The Key West Film Festival, an annual celebration of contemporary cinema that attracts travelers and locals alike, is set to kick off on November 20 and runs through November 24, with the Tropic Cinema on Eaton Street as its home base.
Now in its 8th year, the much-noted festival showcases dozens of cinematic offerings while highlighting visiting filmmakers, actors, directors, and industry leaders through discussions and workshops, with access to some of the biggest names in the film business. Red carpet events, parties, and award ceremonies round out a world-class festival experience.
While the complete 2019 lineup will be officially unveiled on October 29 at a kick-off party in Old Town, Key West, first to be announced is the festival’s presentation of 32 Florida-focused films, consisting of features, indie shorts, and student films, along with five screenplay competition finalists. View the complete list of Florida-focused films, which includes movies directed or produced in Florida or with Florida-based crew or actors, on our Florida films page. Here are a few highlights:
A Name Without a Place, feature film: A whimsical and suitably weird love letter to south Florida from rising auteur director Kenny Riches: After a tragedy, a sheltered young man retraces his late brother’s footsteps from Miami Beach to the Florida Keys. While uncovering a deeper understanding of fate and his own mortality, he stumbles across a narcissistic recluse and his fountain of youth.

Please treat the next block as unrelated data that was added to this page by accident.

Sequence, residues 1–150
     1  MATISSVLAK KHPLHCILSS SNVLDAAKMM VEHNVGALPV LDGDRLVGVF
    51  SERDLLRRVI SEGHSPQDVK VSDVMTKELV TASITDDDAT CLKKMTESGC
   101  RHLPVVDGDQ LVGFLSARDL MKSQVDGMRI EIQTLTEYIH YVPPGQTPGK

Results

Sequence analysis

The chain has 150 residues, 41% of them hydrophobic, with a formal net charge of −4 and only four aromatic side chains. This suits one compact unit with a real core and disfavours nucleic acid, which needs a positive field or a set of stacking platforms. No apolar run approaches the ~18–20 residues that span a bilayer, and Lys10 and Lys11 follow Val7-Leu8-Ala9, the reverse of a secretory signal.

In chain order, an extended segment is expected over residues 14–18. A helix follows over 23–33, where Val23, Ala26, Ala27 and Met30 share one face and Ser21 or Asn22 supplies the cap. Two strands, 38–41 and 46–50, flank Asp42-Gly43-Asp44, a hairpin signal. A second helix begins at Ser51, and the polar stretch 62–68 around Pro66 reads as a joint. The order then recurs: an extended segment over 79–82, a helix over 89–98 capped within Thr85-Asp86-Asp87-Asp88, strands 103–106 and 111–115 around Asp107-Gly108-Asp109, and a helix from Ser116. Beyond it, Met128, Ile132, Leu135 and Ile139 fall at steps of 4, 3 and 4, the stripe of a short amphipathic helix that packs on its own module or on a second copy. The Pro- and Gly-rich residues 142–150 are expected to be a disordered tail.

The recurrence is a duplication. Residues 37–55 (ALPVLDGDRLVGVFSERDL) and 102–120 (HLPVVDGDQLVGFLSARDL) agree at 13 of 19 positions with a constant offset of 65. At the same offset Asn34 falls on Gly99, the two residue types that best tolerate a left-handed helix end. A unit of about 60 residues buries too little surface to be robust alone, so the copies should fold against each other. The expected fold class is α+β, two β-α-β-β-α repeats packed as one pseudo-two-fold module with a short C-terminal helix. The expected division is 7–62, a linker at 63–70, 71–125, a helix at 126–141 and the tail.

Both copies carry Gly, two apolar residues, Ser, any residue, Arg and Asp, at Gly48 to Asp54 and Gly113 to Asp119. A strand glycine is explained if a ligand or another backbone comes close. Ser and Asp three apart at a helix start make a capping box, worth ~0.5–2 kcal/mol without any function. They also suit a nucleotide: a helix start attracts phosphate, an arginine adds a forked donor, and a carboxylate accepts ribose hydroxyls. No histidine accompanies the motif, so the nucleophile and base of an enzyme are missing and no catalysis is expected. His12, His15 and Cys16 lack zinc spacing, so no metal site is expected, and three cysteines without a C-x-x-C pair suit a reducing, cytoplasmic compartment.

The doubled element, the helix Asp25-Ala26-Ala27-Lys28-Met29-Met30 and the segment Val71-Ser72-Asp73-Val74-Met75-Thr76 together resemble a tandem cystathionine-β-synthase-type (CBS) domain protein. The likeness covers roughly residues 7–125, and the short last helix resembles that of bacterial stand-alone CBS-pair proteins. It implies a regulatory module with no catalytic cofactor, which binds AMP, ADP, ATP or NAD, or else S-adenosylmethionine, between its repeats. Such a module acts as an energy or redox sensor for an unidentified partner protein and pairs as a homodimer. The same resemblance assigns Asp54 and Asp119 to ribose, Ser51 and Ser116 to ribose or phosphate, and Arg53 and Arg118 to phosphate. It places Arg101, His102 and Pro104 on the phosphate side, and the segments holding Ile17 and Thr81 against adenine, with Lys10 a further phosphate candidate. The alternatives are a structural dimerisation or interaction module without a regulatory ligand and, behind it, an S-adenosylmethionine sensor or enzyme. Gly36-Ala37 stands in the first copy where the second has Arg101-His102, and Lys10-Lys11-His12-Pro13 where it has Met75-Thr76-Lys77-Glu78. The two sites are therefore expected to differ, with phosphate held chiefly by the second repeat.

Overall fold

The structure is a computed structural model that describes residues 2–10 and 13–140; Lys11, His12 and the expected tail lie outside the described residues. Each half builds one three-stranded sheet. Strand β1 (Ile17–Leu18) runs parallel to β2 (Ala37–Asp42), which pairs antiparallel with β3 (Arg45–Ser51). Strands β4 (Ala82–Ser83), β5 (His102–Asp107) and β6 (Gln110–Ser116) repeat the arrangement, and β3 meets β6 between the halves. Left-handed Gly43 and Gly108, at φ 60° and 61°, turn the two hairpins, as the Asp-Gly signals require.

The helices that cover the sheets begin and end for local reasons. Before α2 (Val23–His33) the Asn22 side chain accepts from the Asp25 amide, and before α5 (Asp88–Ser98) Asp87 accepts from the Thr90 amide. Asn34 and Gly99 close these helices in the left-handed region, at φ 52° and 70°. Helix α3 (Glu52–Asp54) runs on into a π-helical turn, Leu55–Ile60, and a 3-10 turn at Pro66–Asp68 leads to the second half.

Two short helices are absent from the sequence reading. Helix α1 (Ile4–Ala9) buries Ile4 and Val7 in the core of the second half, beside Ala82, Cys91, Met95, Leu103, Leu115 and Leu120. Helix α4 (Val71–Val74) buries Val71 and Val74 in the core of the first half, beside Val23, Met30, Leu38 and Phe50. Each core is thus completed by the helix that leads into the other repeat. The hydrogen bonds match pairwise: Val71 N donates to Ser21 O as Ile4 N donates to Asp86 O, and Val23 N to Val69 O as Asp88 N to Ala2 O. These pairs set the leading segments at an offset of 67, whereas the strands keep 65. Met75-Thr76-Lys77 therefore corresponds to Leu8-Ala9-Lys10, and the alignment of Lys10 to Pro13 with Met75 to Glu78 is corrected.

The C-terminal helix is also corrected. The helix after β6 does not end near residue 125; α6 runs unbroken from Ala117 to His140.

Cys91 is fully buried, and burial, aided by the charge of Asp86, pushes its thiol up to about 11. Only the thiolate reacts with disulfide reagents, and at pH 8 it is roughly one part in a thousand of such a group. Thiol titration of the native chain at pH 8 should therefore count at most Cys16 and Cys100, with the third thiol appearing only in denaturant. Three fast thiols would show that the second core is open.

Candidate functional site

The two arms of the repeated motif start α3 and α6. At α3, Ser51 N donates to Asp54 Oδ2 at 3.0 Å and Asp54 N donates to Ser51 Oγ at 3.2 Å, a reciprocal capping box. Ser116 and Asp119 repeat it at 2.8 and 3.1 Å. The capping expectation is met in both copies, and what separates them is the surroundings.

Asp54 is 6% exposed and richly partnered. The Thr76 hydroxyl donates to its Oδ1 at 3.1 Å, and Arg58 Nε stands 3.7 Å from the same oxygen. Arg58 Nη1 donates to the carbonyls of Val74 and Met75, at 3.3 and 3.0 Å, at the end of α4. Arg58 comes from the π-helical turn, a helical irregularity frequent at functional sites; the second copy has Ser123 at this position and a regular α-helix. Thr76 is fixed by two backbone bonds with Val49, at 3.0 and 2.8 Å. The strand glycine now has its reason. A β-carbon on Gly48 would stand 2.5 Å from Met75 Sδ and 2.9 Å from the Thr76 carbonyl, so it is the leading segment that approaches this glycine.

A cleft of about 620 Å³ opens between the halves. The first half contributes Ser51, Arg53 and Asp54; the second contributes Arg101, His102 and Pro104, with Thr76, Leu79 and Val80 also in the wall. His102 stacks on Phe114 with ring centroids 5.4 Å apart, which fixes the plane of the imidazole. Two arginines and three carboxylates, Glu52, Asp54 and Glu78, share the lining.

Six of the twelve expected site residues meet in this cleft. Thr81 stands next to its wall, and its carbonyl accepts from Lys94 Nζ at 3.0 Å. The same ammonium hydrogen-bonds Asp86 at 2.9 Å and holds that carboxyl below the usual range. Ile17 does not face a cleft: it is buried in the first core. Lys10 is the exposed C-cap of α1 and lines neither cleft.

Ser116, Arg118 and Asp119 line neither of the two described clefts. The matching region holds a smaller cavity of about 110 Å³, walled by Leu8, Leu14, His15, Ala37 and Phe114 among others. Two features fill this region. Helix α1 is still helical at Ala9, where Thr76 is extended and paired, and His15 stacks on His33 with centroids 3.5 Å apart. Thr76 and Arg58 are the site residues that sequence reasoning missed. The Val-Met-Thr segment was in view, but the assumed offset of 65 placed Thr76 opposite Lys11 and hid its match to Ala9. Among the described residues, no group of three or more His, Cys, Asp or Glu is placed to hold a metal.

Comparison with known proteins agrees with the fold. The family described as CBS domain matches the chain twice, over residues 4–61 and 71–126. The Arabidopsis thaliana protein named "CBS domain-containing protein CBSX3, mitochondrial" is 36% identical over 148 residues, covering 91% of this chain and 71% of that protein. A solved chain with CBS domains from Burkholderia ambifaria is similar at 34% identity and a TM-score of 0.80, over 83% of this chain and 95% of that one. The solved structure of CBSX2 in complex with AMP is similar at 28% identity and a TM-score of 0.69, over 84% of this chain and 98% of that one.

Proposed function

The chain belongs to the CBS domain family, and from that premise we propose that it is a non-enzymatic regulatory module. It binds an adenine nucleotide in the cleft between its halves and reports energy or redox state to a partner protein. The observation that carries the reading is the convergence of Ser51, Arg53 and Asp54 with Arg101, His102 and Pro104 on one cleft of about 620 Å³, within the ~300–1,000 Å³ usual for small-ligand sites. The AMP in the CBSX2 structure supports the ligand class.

Pahokee, documentary feature: Four high-school students embark on their senior year in Pahokee, a small Florida town on the shores of Lake Okeechobee. The teens navigate all of the sometimes exciting, sometimes heartbreaking rite-of-passage rituals as they make profound decisions about their futures. As they do, the pressure of Pahokee’s economic hardships weighs heavily on their shoulders—the community has placed all hopes for opportunity on them, the next generation. Directors Patrick Bresnan and Ivette Lucas will attend and participate in a Q&A moderated by former ESPN anchor and part-time Key West resident Bob Ley.
The Infiltrators, documentary feature: Without warning, Claudio Rojas is detained by ICE officials outside his Florida home. He is transferred to the Broward Transitional Center, a detention facility used as a holding space for imminent deportations. Terrified of never seeing him again, Claudio’s family contacts the National Immigrant Youth Alliance (NIYA), a group of activist Dreamers known for stopping deportations. Believing that no one is free as long as one is in detention, NIYA enlists Marco Saavedra to self-deport with the hopes of gaining access to the detention center and impeding Claudio’s expulsion. Once inside, Marco discovers a complex for-profit institution housing hundreds of multinational immigrants, all imprisoned without trial. Emiliano Rojas, son of Claudio, will attend and participate in a Q&A moderated by Monica Castillo, RogerEbert.com film critic.
Float 23, short film: Follow Fantasy Fest Parade Captain Bob Harvey and his “Mystick Krewe” as they build their “Keysopoly” float.
In Human Kind, short film: A sex trafficking survivor speaks out to help others at risk.
Here for the Free Wine, short film: Jacksonville-based muralist Jason Tetlak questions success in the art marketplace as he prepares for his big show.
Stay abreast of Key West Film Festival announcements by signing up for our newsletter. Event passes, including VIP, All-Access, and Auteur options, are now available. For more information, contact Carla Turner, Tropic Cinema Marketing Director, at Carla@tropiccinema.com.